Romans 12:1…shows us that the meaning of consecration is to be a “sacrifice.” What does the phrase “to be a sacrifice” mean? What is a sacrifice? The Scripture shows us that whenever a thing is set apart from its original position and usage and is laid on God’s altar, specifically for Him, this thing is then a sacrifice. In the Old Testament men offered bullocks and rams as sacrifices. The principle is this: The bullock originally lived in a corral and was used for plowing the field and drawing carts. Now it is taken out from the corral and brought beside the altar. There is a change in its position. Then it is killed, placed on the altar, and consumed by fire to be a sweet-smelling savor unto God. This is a change in its usage. Thus, this bullock becomes a sacrifice. A sacrifice, therefore, is none other than a thing which is set apart for God and laid on the altar, with a change in position and a change in usage. Whether it is a bullock or a ram, whether it is fine flour or oil, once it is offered as a sacrifice, it leaves the hands of the offerer and can no longer be used for his own advantage and enjoyment.

  When we thus present ourselves to God as a sacrifice, we become food for God; we are for His satisfaction. Among the offerings of the Israelites, some were for God’s use, such as gold, silver, precious stones, threads of all colors, wool, and sheepskin (Exo. 25:2-7); and some were offered to God for food, such as the bullock, ram, pigeon, and turtledove used in the burnt offerings. When these were offered as a burnt offering, they were burnt on the altar and became a sweet savor, food for God (Lev. 3:11). When God accepted the sweet savor of these sacrifices, He was satisfied.98

The purpose of consecration

  Since the meaning of consecration is to become a sacrifice, the thing offered is something which is entirely for God. The purpose of consecration, therefore, is to be used by God, to work for God. But in order that we may work for God, we must first let God work.…Therefore, when we consecrate ourselves to God, although it is to work for God, yet from our standpoint the emphasis is to let God work. The purpose of consecration then is to let God work in order that we might reach the stage of working for God.

  The offering of the sacrifices in the Old Testament also sheds light on this matter. When the bullocks and rams were killed and offered to God as burnt offerings, it was first necessary for God to do His thorough work upon them, that is, to consume them by fire, if they were to be pleasing and acceptable to Him. If the sacrifices were not consumed by fire, they would be raw and foul-smelling and could never be acceptable or pleasing to God. Our consecration today is just like that. We have already offered ourselves, yet if we do not allow God to work first, but go out to work for Him and serve Him directly, that work and that service will be raw, untempered, and foul-smelling. It can never be accepted by God, let alone satisfy Him.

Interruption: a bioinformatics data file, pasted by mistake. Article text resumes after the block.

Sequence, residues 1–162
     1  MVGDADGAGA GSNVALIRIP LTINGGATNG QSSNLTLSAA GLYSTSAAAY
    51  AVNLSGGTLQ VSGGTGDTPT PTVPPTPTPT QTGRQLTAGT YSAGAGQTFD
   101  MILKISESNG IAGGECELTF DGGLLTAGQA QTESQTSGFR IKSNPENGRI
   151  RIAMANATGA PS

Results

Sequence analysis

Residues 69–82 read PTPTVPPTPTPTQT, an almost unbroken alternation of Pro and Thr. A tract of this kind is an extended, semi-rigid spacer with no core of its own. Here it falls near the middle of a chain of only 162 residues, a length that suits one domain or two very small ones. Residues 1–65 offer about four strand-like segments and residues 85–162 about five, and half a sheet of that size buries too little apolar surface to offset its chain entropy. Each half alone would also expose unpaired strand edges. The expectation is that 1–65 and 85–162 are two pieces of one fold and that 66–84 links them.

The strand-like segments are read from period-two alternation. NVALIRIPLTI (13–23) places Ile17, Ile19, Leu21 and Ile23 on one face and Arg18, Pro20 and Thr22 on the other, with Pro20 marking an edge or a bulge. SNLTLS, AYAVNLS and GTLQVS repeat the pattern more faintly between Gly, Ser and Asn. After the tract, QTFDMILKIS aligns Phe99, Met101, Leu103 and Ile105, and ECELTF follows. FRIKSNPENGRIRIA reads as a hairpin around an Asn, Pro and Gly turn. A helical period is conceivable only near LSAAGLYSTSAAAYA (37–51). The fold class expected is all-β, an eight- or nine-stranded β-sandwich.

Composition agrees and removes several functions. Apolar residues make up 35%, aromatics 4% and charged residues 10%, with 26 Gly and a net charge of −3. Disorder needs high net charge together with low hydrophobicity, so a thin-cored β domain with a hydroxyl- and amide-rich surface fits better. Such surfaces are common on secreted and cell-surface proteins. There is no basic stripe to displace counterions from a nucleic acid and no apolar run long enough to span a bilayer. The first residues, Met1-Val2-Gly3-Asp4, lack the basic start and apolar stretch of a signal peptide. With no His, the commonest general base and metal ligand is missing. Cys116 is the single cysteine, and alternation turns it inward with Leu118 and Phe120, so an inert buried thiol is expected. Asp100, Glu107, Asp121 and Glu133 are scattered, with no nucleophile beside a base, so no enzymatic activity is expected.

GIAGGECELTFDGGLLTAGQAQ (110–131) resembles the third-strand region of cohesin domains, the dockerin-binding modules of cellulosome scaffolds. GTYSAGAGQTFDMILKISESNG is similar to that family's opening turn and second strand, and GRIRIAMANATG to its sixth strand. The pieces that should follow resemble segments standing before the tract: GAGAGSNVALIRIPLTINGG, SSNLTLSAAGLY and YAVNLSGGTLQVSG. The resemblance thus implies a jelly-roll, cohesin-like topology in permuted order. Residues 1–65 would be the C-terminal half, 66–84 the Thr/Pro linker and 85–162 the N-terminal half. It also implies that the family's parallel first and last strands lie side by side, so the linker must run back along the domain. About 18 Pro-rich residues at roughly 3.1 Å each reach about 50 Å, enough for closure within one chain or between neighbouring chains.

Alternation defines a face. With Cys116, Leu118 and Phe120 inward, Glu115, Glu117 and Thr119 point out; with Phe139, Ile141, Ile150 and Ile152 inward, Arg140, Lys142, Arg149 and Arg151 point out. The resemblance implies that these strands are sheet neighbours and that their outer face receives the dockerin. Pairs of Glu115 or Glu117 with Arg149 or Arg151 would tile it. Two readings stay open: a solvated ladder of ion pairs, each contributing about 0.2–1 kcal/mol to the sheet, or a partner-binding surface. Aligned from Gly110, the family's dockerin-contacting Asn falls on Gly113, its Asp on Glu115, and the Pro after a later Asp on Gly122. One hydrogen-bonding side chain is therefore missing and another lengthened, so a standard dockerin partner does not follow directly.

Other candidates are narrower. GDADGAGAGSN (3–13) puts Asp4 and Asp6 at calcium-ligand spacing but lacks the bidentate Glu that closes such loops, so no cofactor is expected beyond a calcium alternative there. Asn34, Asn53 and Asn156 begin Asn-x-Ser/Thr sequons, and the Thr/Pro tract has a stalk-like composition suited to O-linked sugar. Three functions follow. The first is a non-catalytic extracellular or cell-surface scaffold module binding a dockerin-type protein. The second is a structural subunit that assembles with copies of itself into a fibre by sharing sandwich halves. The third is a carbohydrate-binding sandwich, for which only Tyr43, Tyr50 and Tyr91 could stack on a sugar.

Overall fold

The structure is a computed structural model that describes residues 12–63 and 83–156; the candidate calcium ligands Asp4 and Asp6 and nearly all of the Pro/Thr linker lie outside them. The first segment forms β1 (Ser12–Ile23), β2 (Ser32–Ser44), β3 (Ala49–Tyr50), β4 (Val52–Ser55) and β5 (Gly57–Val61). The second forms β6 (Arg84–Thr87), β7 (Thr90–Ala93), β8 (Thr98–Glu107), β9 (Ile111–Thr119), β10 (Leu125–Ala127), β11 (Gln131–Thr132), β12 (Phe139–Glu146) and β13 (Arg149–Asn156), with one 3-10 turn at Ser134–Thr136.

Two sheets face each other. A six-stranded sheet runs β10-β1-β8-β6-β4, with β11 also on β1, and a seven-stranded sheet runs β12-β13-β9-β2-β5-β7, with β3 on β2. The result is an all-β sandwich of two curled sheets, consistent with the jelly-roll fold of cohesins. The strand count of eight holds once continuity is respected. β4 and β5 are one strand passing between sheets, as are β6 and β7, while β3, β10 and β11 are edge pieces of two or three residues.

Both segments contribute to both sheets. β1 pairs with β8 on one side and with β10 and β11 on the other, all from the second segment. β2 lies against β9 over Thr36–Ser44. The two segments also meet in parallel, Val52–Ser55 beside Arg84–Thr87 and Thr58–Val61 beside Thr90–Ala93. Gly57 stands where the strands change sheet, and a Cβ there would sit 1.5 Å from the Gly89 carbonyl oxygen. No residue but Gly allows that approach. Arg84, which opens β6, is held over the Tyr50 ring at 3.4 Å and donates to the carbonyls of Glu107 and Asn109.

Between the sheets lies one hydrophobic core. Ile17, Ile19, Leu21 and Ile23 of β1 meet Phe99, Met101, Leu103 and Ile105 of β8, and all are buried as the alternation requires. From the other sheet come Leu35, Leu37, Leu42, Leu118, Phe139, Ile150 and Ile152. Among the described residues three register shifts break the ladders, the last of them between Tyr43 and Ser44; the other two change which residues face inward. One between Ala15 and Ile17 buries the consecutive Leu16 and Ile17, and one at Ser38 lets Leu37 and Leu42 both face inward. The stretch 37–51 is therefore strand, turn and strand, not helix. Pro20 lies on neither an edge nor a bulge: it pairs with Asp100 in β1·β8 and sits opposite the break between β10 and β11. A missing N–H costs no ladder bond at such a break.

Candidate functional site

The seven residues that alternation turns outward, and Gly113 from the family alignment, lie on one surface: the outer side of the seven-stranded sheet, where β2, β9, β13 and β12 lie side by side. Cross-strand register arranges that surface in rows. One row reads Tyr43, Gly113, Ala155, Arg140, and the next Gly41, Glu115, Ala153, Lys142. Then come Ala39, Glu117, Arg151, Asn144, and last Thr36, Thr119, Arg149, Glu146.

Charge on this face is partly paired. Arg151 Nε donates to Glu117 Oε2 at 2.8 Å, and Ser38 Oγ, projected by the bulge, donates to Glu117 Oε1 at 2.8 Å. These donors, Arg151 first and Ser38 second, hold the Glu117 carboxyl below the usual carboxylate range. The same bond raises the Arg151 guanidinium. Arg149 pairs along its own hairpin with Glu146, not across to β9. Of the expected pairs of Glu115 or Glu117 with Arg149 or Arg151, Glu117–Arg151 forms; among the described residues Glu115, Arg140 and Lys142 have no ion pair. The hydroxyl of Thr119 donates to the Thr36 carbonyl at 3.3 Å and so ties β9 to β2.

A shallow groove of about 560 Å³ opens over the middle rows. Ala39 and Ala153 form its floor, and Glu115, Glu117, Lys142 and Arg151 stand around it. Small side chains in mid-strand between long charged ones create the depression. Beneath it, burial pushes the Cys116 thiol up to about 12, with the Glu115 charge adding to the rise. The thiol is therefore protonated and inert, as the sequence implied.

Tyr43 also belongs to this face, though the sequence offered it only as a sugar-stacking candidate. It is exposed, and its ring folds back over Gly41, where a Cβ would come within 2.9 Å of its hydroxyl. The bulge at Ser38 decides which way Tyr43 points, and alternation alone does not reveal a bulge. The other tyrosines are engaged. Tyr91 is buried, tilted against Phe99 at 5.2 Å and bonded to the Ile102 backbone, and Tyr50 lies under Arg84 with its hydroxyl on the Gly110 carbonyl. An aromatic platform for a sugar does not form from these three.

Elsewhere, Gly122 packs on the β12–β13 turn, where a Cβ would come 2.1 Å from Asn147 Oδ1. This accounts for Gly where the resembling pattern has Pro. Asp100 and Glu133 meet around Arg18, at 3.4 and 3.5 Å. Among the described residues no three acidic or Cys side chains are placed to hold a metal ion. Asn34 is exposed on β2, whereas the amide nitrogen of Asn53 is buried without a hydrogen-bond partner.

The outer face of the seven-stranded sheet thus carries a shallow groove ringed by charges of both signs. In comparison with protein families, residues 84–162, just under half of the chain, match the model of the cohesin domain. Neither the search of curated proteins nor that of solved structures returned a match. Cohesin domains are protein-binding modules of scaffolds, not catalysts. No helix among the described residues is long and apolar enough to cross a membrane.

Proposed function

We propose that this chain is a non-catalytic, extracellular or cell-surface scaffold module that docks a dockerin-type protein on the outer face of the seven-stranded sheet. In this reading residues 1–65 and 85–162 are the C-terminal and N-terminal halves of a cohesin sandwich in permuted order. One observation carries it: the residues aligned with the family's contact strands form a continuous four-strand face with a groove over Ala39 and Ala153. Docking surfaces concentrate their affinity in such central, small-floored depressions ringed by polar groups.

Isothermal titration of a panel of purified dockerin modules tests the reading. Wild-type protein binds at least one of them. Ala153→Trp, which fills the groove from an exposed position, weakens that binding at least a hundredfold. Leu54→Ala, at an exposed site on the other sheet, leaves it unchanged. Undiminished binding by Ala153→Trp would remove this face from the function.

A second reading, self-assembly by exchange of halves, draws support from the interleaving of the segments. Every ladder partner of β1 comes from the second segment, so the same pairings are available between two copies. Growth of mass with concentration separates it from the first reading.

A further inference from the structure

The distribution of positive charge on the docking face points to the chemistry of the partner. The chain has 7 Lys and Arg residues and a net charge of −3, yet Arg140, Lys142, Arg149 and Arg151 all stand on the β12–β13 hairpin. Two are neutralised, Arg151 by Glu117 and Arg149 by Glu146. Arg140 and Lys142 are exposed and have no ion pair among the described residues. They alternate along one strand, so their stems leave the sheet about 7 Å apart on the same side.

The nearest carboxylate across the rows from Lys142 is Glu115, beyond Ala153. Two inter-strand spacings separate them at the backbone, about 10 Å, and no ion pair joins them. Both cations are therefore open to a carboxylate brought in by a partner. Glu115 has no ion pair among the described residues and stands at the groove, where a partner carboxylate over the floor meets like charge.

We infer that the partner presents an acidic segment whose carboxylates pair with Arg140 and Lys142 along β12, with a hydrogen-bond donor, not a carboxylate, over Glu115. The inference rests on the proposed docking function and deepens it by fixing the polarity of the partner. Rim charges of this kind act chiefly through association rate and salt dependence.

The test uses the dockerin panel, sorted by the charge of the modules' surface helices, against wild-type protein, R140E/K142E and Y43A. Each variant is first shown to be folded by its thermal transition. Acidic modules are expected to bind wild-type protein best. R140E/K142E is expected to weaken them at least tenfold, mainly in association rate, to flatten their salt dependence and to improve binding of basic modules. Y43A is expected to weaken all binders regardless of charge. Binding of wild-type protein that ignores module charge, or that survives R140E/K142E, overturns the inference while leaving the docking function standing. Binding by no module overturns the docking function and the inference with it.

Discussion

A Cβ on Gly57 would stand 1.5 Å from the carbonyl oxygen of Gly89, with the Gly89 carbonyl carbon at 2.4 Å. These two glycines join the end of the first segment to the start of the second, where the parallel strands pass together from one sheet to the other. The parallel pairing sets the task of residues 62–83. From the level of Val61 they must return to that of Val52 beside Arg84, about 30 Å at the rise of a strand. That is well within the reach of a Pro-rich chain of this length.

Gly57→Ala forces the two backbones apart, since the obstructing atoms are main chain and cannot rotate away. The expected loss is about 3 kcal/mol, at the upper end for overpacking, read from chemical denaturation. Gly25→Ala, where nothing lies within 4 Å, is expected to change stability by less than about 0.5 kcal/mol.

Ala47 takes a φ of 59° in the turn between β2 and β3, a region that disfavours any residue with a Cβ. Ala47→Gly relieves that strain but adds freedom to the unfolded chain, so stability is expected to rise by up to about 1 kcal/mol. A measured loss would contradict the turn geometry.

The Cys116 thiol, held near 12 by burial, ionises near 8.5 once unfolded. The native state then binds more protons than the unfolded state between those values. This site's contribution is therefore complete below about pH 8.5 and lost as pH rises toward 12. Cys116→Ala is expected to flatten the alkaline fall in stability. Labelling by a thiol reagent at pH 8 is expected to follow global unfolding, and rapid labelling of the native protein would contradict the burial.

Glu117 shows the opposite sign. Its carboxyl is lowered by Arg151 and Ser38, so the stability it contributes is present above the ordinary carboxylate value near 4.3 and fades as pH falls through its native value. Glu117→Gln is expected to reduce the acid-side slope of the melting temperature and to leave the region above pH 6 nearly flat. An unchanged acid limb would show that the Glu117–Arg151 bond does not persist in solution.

If we want to touch spiritual things…we must first allow God to work on us that we might be broken, subdued, and disciplined by Him.…We must…be severe with ourselves and ask whether our consecration to God is for working for God directly or for allowing God to work in us first.…Consequently, after our consecration we must not first be anxious to accomplish something for the Lord. We need to remain on the altar and allow God to work on us and consume us. The result of this consuming work will enable us to work for the Lord. This consecration, this service, is ripe and resurrected; it is acceptable to God and satisfies Him. In conclusion, the object of consecration is to let God work in us that we may work for Him.99

  Enlightenment and inspiration:

  Week 4 — Day 6

Scripture reading

  Rom. 6:13  …Present yourselves to God…

  Lev. 1:9  …Then the priest shall burn the whole [offering] on the altar, as a burnt offering, an offering by fire, a satisfying fragrance to Jehovah.

The result of consecration

  We need to consider this matter…in the light of the offerings of the Old Testament. When a bullock was taken for sacrifice and offered upon the altar, he was immediately cut off from all his previous relationships. He was severed from his master, his companions, and his corral. After he was consumed by fire, he even lost his original form and stature. All his choicest parts were changed to a sweet-smelling savor to God, and all that was left was a heap of ashes. Everything was cut off, and everything was finished. This was the result of the bullock being offered to God. Since our consecration is also an offering to God, the result must also be the same. There must be the giving up of everything to be burned to ashes by God to the point where all is finished.…Some brothers and sisters still have hopes after their consecration of becoming such and such a person. This proves that their future has not been given up.

  The future we are speaking about includes not only our future in this world, but also our future in the so-called Christian world. We all know how the world naturally attracts us and offers the hope of a future in it, but even the so-called Christian world holds an attraction to us and offers a hope of a future in it.…All these hopes, however, never exist in a consecrated person. A truly consecrated man is a man who has given up his future. He abandons not only his future in the world, but also his so-called spiritual future. He no longer has hopes for himself in anything; all his hope is in God. He lives purely and simply in the hand of God; he is what God wants him to be and does what God wants him to do. Whatever the outcome may be, he does not know and does not care. He only knows that he is a sacrifice, wholly belonging to God. The altar is forever the place where he stands, and a heap of ashes is forever the result. His future has been utterly abandoned.